Should I lie and say I was driving?
I let my girlfriend take my car to pick us up lunch. She ran into the curb and messed up my front right rim, tire, alignment and probably more. My collision deductible is $500. Should I tell my insurance company that she was driving or I was?
Don’t lie. It won’t save you any money.
When you lend your car to anyone, you are lending your insurance coverage as well. Anything that happens while that permissive driver is behind the wheel ultimately is your problem. The claim goes against your own claims history no matter who was driving.
The bigger issue is the claim itself. Your deductible covers the first $500 in damage and you apparently intend to file a claim for the amount over that. You might reconsider whether to file a claim at all.
Depending on your insurance company and your state, you could face increased premiums for even a small claim. Some companies will forgive the first accident claim, or do so for longtime customers.
Thresholds vary quite a bit. For example, we can compare auto insurance quotes for a 30-year-old single male insuring a 2012 Mazda CX-9 in Reno, Nevada, for comprehensive, collision and 50/100/50 liability.
With a clean record, we found quotes from two insurers that were quite close: $1,806 (Company A) and $1,819 a year (Company B).
But adding a single $500 claim, Company A raised its rates to $2,660 a year. Company B didn’t raise its rates at all.
Suppose this was your second claim in the recent past – something most insurers would begin to pay attention to. We added a second claim for just $750. Company A rose to $3,446. Company B didn’t budge.
But if we made that earlier claim more than just a fender-bender, with total damage of $10,000, Company B takes notice, raising its quote to $2,382.
Claims history A B
Clean record $1,806 $1,819
$500 claim $2,660 $1,819
$500 claim and $750 claim $3,446 $1,819
$500 claim and $10,000 claim $3,446 $2,382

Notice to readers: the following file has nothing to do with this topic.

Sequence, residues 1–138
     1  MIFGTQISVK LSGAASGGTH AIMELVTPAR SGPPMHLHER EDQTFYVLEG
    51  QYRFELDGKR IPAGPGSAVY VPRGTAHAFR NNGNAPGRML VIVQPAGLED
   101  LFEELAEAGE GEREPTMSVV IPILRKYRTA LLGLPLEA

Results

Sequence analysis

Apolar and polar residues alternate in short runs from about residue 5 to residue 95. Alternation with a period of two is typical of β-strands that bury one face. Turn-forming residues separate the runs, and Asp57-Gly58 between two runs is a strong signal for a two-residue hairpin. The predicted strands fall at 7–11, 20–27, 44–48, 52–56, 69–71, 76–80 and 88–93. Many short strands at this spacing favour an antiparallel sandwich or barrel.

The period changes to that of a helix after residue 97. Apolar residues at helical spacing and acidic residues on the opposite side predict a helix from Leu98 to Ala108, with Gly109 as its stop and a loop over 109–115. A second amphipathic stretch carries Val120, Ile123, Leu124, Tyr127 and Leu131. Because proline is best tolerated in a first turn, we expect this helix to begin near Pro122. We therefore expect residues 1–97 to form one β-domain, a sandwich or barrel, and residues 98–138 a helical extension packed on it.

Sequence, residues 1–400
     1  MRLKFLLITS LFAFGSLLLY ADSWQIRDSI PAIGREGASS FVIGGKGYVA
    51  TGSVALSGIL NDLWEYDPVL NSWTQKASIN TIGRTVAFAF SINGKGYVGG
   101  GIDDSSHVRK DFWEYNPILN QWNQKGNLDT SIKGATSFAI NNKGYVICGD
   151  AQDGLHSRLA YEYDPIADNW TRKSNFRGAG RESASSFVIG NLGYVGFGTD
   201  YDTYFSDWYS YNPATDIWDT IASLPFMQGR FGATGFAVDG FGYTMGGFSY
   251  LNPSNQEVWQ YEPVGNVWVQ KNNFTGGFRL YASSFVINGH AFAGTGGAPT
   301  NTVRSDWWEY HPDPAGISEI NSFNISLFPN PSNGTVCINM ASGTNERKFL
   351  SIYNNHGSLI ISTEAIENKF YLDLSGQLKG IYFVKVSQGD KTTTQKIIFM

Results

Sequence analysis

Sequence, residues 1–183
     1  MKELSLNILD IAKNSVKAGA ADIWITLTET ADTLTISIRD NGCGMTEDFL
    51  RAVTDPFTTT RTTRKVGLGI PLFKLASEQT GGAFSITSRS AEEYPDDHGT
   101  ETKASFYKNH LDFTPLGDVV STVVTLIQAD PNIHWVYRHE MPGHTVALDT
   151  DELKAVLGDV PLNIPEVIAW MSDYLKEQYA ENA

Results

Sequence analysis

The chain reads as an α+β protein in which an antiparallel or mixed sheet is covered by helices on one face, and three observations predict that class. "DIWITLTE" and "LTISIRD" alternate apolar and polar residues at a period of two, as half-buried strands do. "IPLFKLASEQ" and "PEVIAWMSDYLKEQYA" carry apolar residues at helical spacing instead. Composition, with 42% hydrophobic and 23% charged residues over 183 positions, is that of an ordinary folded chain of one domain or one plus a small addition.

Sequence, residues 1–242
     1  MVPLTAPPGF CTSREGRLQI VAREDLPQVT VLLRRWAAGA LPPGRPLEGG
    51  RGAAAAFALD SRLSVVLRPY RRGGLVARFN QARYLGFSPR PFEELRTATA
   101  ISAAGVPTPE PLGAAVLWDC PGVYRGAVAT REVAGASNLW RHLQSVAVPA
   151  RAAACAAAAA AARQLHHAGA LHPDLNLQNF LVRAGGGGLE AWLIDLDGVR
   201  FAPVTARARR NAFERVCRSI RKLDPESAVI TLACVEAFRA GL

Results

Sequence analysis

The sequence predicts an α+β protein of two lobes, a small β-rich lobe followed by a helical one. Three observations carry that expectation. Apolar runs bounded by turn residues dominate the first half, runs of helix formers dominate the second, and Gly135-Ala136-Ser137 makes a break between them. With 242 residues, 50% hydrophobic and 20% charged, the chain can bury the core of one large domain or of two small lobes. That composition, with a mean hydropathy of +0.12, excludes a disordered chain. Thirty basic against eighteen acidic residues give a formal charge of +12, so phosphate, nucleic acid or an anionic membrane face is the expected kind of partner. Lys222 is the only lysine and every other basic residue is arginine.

Every company will have its own practices regarding claims. You can ask the company for a copy of its surcharge schedule so you can see them spelled out.
Over the long haul, you will pay less for insurance if you reserve it for the big things, and not small claims.
Do I fix the truck or spend the money?
A commercial vehicle ran into my truck while it was parked. I had three estimates done on the truck, and the company’s insurance company is sending me a check for the damage. Do I have to use the money toward the repair? Will the check be made out directly to me?
If the check is coming from a third party – the at-fault driver’s insurance company – it should be made out to you alone, and you are free to repair your truck or not.
Even if the check is from your own insurance company, the choice to repair your car is yours alone as long as you own your vehicle outright.
Having a loan complicates your decision.
If you still have a loan on your vehicle, you have agreed to maintain the bank’s collateral as part of your agreement. Your lender is your co-owner and will be listed as a loss payee on your insurance. It’s very likely that any claim you make against your own insurance would be settled with a check payable to both you and a body shop (if the vehicle needs repair) or to you and your lender (if the vehicle is a total loss).
A third-party settlement check – like the one coming your way – will probably be made out to you alone. Your lender may never even find out that the car was damaged. But it might.
If you had a leased vehicle, you would definitely want to make the repairs no matter whose insurance company is paying for them.
Lastly, if you make a claim against your own coverage and don’t make the repairs, you may find that the existing damage is deducted from any future claim you might make. The company won’t cover the same damage twice. It may even require that you drop your physical damages coverages of comprehensive and collision because the car is already damaged.